The Ones who Can’t Complain
Recognising and Alleviating Pain in Persons with Dementia
This presentation will provide an overview of assessment and treatment of pain and discomfort in cognitively impaired adults is challenging because verbal reports of pain are often unreliable or unobtainable. The Serial Trial Intervention (STI), described in this presentation, is designed to more accurately assess and treat both physical pain and affective discomfort in people with dementia who are no longer able to clearly or consistently verbalise needs.
Dr. Christine KovachChristine Kovach is a Distinguished Professor at the Jewish Home and Care Center Research Professor in Aging at the University of Wisconsin-Milwaukee College of Nursing.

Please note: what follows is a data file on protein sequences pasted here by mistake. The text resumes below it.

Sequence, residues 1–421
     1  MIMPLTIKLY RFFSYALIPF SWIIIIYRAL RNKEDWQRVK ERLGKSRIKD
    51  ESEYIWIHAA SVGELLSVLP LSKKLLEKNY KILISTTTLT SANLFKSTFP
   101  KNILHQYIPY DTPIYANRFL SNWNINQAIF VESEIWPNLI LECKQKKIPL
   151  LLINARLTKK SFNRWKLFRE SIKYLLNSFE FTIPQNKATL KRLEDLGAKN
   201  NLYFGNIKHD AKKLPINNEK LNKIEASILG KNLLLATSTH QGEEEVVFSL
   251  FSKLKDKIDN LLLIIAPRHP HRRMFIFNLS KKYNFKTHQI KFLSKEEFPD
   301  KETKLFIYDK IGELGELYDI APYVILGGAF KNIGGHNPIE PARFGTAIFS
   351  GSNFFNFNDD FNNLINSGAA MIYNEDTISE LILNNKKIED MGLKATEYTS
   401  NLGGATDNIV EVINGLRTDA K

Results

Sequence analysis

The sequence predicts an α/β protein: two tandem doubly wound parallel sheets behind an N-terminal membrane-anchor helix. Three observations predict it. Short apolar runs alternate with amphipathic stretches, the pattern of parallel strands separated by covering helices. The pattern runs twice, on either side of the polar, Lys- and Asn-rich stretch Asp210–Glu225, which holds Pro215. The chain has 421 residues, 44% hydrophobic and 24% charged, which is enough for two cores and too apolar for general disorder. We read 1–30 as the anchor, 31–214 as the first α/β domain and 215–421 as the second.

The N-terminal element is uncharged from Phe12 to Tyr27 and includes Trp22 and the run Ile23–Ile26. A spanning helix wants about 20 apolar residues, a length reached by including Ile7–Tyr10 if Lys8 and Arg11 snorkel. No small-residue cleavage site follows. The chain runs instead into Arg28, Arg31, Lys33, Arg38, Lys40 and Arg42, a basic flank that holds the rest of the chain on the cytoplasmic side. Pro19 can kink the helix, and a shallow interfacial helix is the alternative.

She is also the Editor of the journal Research in Gerontological Nursing. She has done extensive clinical work and research in long-term care to improve assessment and treatment of people who have dementia and whose problems are underdiagnosed because of their inability to verbally self-report symptoms. She currently is conducting an NIH funded randomized controlled trial on the effectiveness of gabapentin enacarbil to treat nighttime agitation and sleep disturbance in people with Alzheimer’s disease diagnosed with restless legs syndrome. This RCT uses a new method for diagnosing restless legs syndrome in people with Alzheimer’s disease. She has over 100 publications and is a fellow in the American Academy of Nursing and the Gerontological Society of America.
- Describe the benefits and limitations of implementation and education for changing dementia care practice;
- Describe one model of implementation.